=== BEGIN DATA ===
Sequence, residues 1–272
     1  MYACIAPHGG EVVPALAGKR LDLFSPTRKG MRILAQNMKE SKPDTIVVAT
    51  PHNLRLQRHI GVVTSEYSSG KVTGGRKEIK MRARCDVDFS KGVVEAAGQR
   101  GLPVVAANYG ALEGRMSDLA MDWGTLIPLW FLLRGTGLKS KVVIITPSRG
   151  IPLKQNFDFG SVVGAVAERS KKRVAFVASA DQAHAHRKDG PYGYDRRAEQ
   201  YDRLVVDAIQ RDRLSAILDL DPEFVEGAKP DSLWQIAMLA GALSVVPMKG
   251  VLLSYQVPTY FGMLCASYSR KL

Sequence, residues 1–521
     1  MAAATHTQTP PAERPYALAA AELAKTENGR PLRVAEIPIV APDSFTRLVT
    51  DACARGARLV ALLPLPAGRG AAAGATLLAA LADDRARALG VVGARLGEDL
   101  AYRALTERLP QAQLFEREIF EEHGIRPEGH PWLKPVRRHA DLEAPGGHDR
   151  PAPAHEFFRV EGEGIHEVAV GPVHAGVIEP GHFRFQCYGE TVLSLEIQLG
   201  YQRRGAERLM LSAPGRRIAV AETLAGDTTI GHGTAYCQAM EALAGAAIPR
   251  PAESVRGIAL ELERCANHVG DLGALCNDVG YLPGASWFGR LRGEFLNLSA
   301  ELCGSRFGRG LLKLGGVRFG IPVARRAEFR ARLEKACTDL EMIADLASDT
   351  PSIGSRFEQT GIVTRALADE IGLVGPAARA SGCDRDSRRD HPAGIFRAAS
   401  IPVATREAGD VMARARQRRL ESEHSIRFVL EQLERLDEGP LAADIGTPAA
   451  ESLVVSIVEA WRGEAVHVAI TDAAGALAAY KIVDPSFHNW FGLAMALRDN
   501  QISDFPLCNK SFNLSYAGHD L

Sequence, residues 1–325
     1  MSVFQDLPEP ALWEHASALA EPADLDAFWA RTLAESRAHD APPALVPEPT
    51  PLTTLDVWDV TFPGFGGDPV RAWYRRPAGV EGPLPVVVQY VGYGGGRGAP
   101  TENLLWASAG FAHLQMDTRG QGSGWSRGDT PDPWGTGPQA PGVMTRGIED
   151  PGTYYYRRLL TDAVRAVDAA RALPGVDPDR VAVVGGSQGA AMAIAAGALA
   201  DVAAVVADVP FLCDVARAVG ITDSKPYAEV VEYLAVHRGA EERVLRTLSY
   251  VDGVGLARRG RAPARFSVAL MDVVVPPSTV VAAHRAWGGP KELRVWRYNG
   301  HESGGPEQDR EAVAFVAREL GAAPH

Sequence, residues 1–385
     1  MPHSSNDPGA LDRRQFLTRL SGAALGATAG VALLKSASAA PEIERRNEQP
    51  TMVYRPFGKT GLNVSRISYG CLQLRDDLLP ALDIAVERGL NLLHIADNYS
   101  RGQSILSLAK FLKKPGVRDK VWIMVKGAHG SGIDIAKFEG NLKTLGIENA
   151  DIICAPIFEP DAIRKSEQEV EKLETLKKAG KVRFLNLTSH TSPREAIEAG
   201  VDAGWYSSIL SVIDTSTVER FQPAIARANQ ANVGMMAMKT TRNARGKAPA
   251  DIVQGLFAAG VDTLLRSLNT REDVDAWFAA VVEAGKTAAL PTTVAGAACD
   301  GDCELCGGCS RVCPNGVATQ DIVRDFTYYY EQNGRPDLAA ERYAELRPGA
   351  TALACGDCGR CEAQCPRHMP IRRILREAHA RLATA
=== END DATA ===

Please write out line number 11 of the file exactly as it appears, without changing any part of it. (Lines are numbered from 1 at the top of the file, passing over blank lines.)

   101  AYRALTERLP QAQLFEREIF EEHGIRPEGH PWLKPVRRHA DLEAPGGHDR